• Physical closings have become rare if not impossible in some areas. E-closings are here
  • Many lenders are able to get account information directly from banks, mutual funds, retirement firms, etc. Electronic systems save time

For details and specifics speak with local lenders. For tax questions, be sure to work with a tax professional such as a CPA, enrolled agent, or tax attorney.

Unemployment benefits, PPP loans, and mortgage qualifying

Generally, unemployment benefits are not seen as qualified income for mortgage borrowers.

Fannie Mae says it recognizes that “many unemployed and furloughed individuals are eligible for unemployment benefits under the CARES Act.”

“Unemployment compansation is short-term in nature,” and as such cannot be used for mortgage qualifying —Fannie Mae

“However,” says Fannie, “unemployment compensation is short-term in nature and is therefore not a reliable and predictable source of income for borrowers who are not established seasonal workers.”

Many workers have also been furloughed. Though there may be an expectation of re-employment, there is no guarantee that an individual will actually be re-hired or that their salary will be the same.

Thus, furloughed workers are generally not eligible for mortgage financing.

Self-employed borrowers may also be wondering about PPP. As a large loan, will PPP affect your debt-to-income ratio when you apply for a mortgage?

If your PPP loan is forgiveable, it shouldn’t affect your debt-to-income ratio for mortgage qualifying.

Fannie Mae says, no — at least for now. But if it’s determined that PPP loans have to be repaid, that could change.

“Under the CARES Act,” said Fannie Mae, “PPP loan terms allow deferred payments for a specified period, no personal loan guarantee, and the potential for all or some portion of the loan to be forgiven.”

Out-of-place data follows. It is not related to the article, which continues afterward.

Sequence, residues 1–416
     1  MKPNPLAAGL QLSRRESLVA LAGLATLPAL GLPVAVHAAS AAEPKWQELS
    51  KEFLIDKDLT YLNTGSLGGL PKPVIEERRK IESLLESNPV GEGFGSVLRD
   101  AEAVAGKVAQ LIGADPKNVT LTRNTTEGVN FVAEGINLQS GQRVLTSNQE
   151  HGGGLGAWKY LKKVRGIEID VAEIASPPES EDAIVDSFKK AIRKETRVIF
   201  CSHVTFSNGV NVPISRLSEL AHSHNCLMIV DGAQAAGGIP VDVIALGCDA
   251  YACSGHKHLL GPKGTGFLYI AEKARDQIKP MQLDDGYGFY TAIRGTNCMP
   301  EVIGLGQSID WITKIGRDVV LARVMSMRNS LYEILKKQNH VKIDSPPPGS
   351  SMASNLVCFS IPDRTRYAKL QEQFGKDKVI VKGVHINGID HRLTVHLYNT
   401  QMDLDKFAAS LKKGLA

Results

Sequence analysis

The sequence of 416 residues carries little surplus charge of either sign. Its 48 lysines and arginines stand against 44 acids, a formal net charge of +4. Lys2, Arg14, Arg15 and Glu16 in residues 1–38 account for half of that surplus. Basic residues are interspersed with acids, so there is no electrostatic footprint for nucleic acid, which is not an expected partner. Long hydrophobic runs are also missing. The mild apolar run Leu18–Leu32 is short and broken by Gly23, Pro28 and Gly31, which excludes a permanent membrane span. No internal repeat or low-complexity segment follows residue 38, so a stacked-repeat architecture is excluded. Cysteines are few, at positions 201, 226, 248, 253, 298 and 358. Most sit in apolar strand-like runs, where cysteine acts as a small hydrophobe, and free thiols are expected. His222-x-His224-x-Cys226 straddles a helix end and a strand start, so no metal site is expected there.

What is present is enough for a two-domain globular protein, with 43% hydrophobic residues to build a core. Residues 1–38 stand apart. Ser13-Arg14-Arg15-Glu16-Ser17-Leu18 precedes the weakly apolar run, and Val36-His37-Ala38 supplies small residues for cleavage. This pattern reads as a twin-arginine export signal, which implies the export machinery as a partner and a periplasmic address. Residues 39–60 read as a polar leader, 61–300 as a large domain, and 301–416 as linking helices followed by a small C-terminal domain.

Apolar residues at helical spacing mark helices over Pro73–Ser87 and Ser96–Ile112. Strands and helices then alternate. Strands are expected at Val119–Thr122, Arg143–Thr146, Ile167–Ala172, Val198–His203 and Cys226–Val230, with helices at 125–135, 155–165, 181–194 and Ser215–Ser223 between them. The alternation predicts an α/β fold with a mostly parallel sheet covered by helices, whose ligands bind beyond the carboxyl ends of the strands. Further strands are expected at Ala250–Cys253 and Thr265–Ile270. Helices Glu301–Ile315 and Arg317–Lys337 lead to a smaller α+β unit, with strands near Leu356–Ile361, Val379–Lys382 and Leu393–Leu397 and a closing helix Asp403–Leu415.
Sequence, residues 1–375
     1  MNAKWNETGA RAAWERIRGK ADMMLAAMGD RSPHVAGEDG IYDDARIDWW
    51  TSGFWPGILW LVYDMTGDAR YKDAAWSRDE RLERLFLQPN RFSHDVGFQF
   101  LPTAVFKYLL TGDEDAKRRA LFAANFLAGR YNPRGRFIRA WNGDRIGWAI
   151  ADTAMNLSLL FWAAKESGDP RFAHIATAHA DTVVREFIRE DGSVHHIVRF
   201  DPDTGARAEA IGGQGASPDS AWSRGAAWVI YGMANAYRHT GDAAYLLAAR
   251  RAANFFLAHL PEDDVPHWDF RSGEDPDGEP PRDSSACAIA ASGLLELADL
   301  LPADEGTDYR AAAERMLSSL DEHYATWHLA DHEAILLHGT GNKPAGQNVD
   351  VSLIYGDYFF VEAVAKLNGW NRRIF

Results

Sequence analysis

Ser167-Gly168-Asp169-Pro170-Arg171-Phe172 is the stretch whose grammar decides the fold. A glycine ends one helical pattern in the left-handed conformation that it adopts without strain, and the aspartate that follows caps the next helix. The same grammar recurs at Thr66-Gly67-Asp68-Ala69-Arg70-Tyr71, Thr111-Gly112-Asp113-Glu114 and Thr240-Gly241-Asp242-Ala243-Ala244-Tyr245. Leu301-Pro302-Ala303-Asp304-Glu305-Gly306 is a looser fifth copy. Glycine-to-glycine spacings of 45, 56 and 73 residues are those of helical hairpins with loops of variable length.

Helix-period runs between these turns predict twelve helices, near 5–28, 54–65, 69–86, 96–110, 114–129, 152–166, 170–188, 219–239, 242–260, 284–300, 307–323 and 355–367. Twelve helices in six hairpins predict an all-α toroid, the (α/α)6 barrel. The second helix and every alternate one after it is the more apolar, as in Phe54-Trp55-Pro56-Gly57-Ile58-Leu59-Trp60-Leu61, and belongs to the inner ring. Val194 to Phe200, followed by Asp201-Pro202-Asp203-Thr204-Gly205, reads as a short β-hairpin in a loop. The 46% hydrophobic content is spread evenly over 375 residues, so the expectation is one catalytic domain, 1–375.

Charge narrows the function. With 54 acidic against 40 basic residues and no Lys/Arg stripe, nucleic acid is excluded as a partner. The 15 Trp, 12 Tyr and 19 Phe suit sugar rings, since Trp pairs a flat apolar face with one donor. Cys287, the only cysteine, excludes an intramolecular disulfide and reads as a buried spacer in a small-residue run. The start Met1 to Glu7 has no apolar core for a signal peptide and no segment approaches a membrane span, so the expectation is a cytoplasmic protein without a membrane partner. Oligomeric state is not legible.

“Therefore, no payments would be expected to be included in the borrower’s liabilities at this time. Once it has been determined that any portion of the PPP loan must be repaid, follow the Selling Guide requirements for loans paid by a business.”

Background on PPP funding for self-employed workers

The $349 billion Payroll Protection Program (PPP) was passed by Congress earlier this year as part of the Coronavirus Aid, Relief, and Economic Security Act (CARES Act). It was designed to assist small businesses — including the self-employed — impacted by the COVID-19 pandemic.

The PPP rules are complex and likely to change. Some or all of the money obtained under the PPP program may both forgivable and untaxed. Or maybe not.

Recently reformed to be more flexible for recipients, PPP requires:

  • Small businesses to spend 60% of their PPP funds on payroll costs
  • The remaining 40% of the money may be used for utilities, rent or mortgage, and interest on loans
  • The money must be spent within a 24-week framework

The general PPP guidelines often do not work for the self-employed, because they typically don’t have payrolls. Independent contractors instead can get “owner compensation replacement” money roughly equal to eight weeks of 2019 income.

“Instead of spending your funds on payroll,” explains, a bookkeeping service, “you can automatically get eight weeks worth of net profit forgiven, without having to spend it on anything.

“This is called ‘owner compensation replacement’ — it makes things nice and simple. The remaining PPP funds will need to be spent on utilities, rent, and mortgage interest expenses in order to be forgiven.”

What are today’s mortgage rates?

Mortgage rates have hit record lows three times in recent months. They’re still low and expected to stay that way for a while.

If you’re self-employed and looking for financing right now, it’s still a good time to apply. The rules are a little stricter, but the benefits of buying or refinancing at today’s rates could be huge.

Time to make a move? Let us find the right mortgage for you

Peter Miller
Authored By: Peter Miller
The Mortgage Reports contributor
Peter G. Miller, author of The Common Sense Mortgage, is a real estate writer syndicated in more than ​50​ newspapers nationwide. Peter has been featured on Oprah, the Today Show, Money Magazine, CNN and more.